NHL won't discipline Cheveldayoff for role in Blackhawks scandal

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The NHL won't discipline Winnipeg Jets general manager Kevin Cheveldayoff for his involvement in the Chicago Blackhawks' mishandling of an alleged sexual assault in 2010, the league announced Friday.

Cheveldayoff, an assistant GM with Chicago during the 2009-10 season, met with commissioner Gary Bettman on Friday. The league concluded that Cheveldayoff wasn't responsible for how the Blackhawks handled the complaint regarding former video coach Brad Aldrich.

"While on some level, it would be easiest to paint everyone with any association to this terrible matter with the same broad brush, I believe that fundamental fairness requires a more in-depth analysis of the role of each person," Bettman said.

"Kevin Cheveldayoff was not a member of the Blackhawks senior leadership team in 2010, and I cannot, therefore, assign to him responsibility for the club's actions, or inactions. He provided a full account of his degree of involvement in the matter, which was limited exclusively to his attendance at a single meeting, and I found him to be extremely forthcoming and credible in our discussion."

An independent investigation found Cheveldayoff was at a May 2010 meeting in which team executives were told Aldrich had behaved in a sexually inappropriate way toward a player, later revealed to be Kyle Beach.

Cheveldayoff released the following statement Friday:

First and most importantly, I want to express my support of and empathy for Kyle Beach and all he has had to endure since 2010. He was incredibly brave coming forward to tell his story. We can all use his courage as an inspiration to do a better job of making hockey a safer space for anyone who wants to play the game.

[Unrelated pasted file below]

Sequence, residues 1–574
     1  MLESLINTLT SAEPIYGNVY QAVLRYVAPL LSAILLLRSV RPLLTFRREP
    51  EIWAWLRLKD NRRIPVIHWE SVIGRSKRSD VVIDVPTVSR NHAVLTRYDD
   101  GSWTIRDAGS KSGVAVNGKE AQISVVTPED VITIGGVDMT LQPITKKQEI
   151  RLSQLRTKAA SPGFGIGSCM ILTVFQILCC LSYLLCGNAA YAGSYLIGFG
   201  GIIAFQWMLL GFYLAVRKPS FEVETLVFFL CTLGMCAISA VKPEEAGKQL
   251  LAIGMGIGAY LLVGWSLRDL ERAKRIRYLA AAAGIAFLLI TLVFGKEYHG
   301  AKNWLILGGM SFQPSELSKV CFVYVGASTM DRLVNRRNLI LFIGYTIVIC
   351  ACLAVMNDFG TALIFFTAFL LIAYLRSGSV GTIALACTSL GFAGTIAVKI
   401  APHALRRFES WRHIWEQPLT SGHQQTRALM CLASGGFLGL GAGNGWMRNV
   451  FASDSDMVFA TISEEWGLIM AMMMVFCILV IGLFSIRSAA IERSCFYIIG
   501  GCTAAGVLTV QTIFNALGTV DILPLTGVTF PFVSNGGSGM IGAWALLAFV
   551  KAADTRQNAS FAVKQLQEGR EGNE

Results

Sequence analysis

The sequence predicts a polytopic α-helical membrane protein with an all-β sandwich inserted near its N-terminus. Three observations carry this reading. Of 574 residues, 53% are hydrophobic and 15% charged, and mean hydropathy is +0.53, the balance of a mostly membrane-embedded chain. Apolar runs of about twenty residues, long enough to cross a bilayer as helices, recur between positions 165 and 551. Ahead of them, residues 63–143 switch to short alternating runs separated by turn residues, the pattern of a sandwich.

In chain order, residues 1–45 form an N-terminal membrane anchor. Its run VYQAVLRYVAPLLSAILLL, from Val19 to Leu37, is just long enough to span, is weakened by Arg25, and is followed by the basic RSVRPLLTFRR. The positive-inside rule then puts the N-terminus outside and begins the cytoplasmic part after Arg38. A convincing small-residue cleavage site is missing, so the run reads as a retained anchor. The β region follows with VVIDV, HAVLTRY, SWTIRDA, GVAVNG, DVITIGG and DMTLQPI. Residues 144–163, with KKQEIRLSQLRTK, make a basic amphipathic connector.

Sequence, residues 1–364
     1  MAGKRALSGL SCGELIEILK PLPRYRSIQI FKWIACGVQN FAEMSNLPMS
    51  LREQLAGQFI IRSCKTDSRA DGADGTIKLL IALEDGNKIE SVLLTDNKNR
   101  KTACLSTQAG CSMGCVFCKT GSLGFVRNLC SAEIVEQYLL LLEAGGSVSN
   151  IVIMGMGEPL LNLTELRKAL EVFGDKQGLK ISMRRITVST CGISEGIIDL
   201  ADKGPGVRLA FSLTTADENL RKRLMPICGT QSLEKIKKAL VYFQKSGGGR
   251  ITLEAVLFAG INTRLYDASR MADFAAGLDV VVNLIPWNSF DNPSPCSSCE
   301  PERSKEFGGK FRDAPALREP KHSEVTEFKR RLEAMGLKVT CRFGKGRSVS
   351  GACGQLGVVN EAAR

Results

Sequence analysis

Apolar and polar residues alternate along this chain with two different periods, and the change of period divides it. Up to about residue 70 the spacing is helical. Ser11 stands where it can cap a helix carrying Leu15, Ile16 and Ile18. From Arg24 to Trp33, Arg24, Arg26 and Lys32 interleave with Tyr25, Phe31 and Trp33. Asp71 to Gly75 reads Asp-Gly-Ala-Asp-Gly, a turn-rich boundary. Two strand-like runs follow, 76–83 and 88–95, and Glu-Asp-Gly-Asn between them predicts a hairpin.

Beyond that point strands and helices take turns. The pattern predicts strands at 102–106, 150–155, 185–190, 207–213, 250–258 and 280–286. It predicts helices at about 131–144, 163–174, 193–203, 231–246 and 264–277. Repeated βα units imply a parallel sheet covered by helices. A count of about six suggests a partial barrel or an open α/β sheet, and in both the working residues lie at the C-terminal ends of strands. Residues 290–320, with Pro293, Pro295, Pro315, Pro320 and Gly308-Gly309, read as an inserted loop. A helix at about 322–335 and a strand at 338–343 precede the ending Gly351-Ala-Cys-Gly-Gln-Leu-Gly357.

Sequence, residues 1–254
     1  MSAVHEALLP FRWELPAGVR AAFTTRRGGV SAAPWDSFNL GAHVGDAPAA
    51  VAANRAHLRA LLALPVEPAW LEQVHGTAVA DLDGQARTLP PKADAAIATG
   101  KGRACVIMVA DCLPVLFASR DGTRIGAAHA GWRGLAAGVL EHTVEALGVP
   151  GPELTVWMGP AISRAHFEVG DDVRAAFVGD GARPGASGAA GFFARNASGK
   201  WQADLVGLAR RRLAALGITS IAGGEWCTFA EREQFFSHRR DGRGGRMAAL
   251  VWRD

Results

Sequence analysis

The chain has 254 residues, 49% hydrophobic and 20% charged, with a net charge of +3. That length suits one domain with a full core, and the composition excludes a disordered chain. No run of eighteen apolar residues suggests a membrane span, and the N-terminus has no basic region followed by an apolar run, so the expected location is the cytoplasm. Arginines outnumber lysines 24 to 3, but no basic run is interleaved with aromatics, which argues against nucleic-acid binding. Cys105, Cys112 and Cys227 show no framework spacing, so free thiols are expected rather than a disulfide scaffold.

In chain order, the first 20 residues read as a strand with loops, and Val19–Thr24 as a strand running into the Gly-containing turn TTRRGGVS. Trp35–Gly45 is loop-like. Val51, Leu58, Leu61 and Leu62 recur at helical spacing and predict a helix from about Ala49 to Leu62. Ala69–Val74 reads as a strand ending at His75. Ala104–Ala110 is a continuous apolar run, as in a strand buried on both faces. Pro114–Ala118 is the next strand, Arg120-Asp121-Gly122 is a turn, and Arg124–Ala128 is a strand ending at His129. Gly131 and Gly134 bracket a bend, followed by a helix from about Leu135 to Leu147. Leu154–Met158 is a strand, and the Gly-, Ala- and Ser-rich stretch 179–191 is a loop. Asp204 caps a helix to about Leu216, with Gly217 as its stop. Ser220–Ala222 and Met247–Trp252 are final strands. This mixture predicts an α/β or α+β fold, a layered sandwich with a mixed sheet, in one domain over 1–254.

Further, I want to express my gratitude to the National Hockey League for the opportunity to meet with commissioner Gary Bettman, in person, and directly share my role in and recollection of events while I was assistant GM of the Chicago Blackhawks in 2010.

The investigation by law firm Jenner & Block determined that Blackhawks president John McDonough, general manager Stan Bowman, and head coach Joel Quenneville were present at the 2010 meeting. Bowman resigned Tuesday and Quenneville, who started coaching the Florida Panthers in 2019, resigned from that position Thursday.

The Blackhawks didn't report the allegations against Aldrich to human resources until after they had won the Stanley Cup in June 2010, per the investigation.

Cheveldayoff took over as Jets general manager in 2011.

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NHL won't discipline Cheveldayoff for role in Blackhawks scandal
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